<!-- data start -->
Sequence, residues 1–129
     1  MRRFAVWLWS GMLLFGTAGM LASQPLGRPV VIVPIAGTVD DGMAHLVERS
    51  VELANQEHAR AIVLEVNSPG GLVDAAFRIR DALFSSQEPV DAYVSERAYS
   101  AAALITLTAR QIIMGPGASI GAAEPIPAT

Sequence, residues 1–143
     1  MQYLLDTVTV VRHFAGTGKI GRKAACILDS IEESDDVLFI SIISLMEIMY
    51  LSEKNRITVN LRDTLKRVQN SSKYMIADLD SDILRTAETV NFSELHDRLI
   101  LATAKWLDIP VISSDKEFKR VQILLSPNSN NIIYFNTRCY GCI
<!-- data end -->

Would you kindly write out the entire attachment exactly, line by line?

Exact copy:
Sequence, residues 1–129
     1  MRRFAVWLWS GMLLFGTAGM LASQPLGRPV VIVPIAGTVD DGMAHLVERS
    51  VELANQEHAR AIVLEVNSPG GLVDAAFRIR DALFSSQEPV DAYVSERAYS
   101  AAALITLTAR QIIMGPGASI GAAEPIPAT

Sequence, residues 1–143
     1  MQYLLDTVTV VRHFAGTGKI GRKAACILDS IEESDDVLFI SIISLMEIMY
    51  LSEKNRITVN LRDTLKRVQN SSKYMIADLD SDILRTAETV NFSELHDRLI
   101  LATAKWLDIP VISSDKEFKR VQILLSPNSN NIIYFNTRCY GCI